Dave, who was inevitably called Jock, was a
Gun Layer Third Class and was assigned to One Mess, whose living
quarters were "right for'ard". It was pretty unpleasant as he recalled
it being "sweaty and clammy" and literally dripping with condensation.
The facilities for personal hygiene obviously didn't help. "The washing
facilities were bad - we just had basins. They were on the starboard
side and were very exposed with an opening to the upper deck, so it
could be cold getting a wash." The food wasn't great either and Dave
complained of constantly running out of bread - although he joked that
it was the cause of his "war wound" when he sliced his finger cutting
up bread. "We used to take turns at being 'cooks' as each Mess would be
in charge of preparing their own food. It was the job of two of three
of us to get everything ready and then take it down to the galley for
cooking." It wasn't all bad though - nearly fifty
years later he still wished he had the hammock he used to sleep in and
he retained a taste for Navy rum. "Rum rations was at dinnertime - that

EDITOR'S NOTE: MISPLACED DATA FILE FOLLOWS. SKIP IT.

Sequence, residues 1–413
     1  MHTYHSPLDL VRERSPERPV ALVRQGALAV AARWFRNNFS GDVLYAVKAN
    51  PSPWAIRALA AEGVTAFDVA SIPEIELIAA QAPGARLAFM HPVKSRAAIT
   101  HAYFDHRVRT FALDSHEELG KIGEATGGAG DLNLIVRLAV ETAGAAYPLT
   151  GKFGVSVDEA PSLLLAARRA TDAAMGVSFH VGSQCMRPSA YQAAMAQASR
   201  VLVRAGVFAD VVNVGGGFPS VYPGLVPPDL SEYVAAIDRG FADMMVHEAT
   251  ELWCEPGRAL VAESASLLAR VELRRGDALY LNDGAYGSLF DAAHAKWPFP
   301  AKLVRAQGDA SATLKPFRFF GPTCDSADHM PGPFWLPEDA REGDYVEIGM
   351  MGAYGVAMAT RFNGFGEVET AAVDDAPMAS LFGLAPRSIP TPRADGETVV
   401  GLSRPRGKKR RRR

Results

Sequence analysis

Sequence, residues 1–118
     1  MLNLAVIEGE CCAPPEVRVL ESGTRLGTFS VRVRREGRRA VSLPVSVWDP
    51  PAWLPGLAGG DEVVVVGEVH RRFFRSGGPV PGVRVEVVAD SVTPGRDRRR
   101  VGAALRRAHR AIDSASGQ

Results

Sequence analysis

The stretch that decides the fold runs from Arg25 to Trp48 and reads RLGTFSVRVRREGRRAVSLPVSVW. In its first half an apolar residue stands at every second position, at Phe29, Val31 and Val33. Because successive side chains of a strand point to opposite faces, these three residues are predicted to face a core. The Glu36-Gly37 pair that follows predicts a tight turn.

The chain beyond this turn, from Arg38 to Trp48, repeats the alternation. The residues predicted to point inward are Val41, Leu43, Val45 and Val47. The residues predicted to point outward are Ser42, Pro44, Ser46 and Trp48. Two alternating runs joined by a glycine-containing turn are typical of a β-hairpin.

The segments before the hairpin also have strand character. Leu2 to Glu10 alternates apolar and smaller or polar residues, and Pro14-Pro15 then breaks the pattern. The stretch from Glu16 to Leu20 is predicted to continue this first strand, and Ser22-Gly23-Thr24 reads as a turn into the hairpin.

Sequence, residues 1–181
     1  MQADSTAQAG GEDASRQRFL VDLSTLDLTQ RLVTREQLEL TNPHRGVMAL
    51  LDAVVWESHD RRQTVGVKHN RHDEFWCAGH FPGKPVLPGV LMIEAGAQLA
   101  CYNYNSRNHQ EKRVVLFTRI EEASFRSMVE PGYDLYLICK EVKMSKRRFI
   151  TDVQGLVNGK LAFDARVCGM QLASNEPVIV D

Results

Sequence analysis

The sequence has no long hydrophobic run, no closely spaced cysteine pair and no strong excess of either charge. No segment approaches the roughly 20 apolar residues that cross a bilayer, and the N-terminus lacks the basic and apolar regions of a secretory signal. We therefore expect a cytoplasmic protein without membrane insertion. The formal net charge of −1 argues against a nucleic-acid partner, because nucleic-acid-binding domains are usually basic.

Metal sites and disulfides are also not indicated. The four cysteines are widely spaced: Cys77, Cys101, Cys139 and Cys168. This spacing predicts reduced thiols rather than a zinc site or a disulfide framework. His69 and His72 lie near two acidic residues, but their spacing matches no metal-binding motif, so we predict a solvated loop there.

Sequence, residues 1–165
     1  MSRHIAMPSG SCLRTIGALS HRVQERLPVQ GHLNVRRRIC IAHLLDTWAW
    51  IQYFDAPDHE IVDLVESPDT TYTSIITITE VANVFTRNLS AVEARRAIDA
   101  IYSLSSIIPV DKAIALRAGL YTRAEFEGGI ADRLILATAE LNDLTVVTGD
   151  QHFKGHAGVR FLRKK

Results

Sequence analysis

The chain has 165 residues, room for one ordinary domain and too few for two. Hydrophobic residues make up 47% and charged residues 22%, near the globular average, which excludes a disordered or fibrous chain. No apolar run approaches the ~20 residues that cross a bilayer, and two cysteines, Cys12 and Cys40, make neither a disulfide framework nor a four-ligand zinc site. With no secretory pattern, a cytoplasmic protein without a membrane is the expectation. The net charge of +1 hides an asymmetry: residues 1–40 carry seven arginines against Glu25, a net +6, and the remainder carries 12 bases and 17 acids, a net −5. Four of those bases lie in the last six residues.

was popular. On board ship it was one and one - a tot of rum and a tot
of water. But in barracks it was two and one - a tot of rum and two
tots of water. Yuk! You got it in a 'fanny', a dish affair. The
killick, or leading hand, would go and get it." Mind you, it wasn't his favourite drink.
"We used to have a drink of chocolate or kye, as they called it.
Beautiful it was. It came in slabs and you had to scrape it and then
spoon it in. I remember one night I was on watch and, as bosun's mate,
I was asked to make a cup of chocolate. I went down to make it but the
chief steward was up so he made it. Course, I go back, take it up to
the officer of the watch and he takes a sip and says, 'This ain't your
usual brew.' We used to make it nice and thick but the chief steward